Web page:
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Hacking Cloud Compliance Reviews

Computing Security Awards 2018 - meet the winners!

A gala night in London saw this year's Computing Security Awards winners duly honoured for their outstanding performances across the past 12 months. To see who won what, go to: http://computingsecurityawards.co.uk/

Editor's Focus

Good news, bad news

Identity fraud has fallen for the first time in four years - which is a real positive. At the same time, there is an acute shortage of cyber security skills in-house to deal with threats against the business

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You can’t prevent what you can’t see

Charlotte Gurney, Marketing Manager, Brookcourt Solutions, and Marvin Josif, from CIX Software, look at the criticality of full visibility when facing advanced persistent threats

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Building a solid foundation for security in the Cloud

Dealing with cloud environments all comes down to understanding, assessing and balancing risk, as Javvad Malik, security advocate, AlienVault, explains

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Education - and phishing

A cyber-attack is calculated to cost an organisation around $395 per employee, per attack, according to new research. And yet, while the primary defence is technology, 95% of all such attacks are the result of human error

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United and threatened

The Internet of Things (IoT) turns information into actions that create new capabilities, richer experiences and real economic opportunity. But you also need to be beware of the ‘dark side’. The risk of a potential breach is never that far away

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Fine-tuning the cloud

Will Secure Access Orchestration solutions that holistically manage the overall multi-cloud environment overcome fears around security issues?

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What is the (end)point?

Many organisations can’t even agree on what an endpoint is, suggesting there is a serious disconnect in what has now become the age of the Industrial Internet of Things (IIoT)

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When hype and hope collide

Many organisations can’t even agree on what an endpoint is, suggesting there is a serious disconnect in what has now become the age of the Industrial Internet of Things (IIoT)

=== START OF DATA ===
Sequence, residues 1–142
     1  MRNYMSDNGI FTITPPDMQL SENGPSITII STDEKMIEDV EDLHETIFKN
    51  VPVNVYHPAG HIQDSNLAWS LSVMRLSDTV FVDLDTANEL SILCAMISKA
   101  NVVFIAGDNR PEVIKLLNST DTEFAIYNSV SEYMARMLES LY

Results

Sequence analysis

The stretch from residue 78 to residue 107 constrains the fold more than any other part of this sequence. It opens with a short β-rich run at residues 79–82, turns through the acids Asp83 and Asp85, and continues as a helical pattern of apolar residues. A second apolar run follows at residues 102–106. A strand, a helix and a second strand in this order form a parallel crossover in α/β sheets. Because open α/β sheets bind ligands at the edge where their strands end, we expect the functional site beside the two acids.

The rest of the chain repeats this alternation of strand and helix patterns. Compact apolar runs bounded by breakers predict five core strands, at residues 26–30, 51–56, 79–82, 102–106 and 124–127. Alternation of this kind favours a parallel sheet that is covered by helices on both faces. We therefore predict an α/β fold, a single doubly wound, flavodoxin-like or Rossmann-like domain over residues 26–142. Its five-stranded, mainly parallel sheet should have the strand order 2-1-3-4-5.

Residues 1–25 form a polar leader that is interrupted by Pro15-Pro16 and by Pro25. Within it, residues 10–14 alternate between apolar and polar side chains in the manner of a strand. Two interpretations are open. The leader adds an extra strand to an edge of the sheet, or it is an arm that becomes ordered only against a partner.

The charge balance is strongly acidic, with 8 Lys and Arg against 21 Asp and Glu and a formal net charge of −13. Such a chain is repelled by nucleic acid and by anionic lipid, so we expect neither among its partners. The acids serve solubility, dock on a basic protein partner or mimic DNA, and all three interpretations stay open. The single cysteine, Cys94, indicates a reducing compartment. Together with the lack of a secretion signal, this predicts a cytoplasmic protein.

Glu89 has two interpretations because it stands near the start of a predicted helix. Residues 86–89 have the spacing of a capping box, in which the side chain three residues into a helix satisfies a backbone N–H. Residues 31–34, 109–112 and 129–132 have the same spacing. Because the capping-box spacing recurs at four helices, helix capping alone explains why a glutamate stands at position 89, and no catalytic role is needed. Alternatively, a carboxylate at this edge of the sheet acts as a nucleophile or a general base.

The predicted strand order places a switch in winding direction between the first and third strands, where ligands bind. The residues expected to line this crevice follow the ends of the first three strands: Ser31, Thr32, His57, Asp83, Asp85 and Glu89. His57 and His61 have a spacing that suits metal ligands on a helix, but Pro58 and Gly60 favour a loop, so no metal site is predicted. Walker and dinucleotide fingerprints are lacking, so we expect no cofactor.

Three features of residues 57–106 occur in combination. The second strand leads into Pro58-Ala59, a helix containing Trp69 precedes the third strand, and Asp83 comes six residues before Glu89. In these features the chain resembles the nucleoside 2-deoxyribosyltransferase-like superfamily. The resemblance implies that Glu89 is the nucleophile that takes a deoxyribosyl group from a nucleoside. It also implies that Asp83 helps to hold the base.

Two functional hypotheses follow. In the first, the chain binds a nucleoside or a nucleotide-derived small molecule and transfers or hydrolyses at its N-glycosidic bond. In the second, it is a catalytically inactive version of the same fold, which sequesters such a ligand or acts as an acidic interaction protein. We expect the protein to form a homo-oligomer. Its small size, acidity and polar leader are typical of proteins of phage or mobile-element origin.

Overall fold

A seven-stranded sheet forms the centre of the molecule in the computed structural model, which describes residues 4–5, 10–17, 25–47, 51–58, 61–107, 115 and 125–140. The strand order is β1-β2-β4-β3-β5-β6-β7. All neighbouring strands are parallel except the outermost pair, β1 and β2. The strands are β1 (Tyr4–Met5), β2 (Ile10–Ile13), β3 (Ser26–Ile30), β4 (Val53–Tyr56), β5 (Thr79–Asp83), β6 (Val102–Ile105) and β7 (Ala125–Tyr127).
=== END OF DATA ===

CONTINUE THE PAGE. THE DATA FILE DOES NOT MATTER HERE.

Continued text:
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Product Review

AlienVault USM Anywhere

Organisations that want their threat detection, incident response, and compliance management centralised in one place need look no further than AlienVault

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Vectra Cognito

Traditional intrusion detection and prevention systems (IDPS) are struggling to cope, as cyber-criminals become ever more imaginative

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Case Study

Secure and smart choice for TMX Recruit

TXM Recruit has been a FuseMail customer for many years. We took a few minutes to catch up with TXM’s Global IT Strategic Manager Brian Cook

Welcome to the November 2018 issue of the Computing Security Newsletter.

Responsibility for information security is not falling to any one senior executive function, according to the 2018Risk:Value report from NTT Security, which surveyed 1,800 senior decision makers from non-IT functions in global organisations.

At a global level, 22% of respondents believe the CIO is ‘ultimately responsible’ for managing security, compared to one in five (20%) for the CEO and 19% for the CISO. In the UK, fewer respondents point to the CIO (19 %) and CISO (18%) while the CEO gets the biggest vote at 21%. The US (27%) and Norway (26%) buck the trend, with more than a quarter of respondents suggesting the CEO is responsible, while in Singapore one third say it is the role of the CISO – the highest figure across all 12 countries. Interestingly, around one in 10 people in Switzerland believe the CFO is responsible for security.

“Responsibility for day-to-day security doesn’t seem to fall on any one particular person’s shoulders among our response base,” says Azeem Aleem, VP Consulting & UK&I Lead, NTT Security. “This narrow gap between the roles of CIO, CEO and CISO shows that no one executive function is stepping up to the plate. It could be a sign of unclear separation between the CIO and CISO though, as often they are the same or collaborate closely.

"On the other hand, should we be concerned that the CEO is not more involved in security matters, given the potentially damaging affects to the business,” he adds, “or should we be relieved that they are not managing a specialist task like this, over and above other critical corporate responsibilities.”

As Aleem quite rightly wonders, however, the burning question is: Where do you draw the line?

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Brian Wall, Editor
Computing Security

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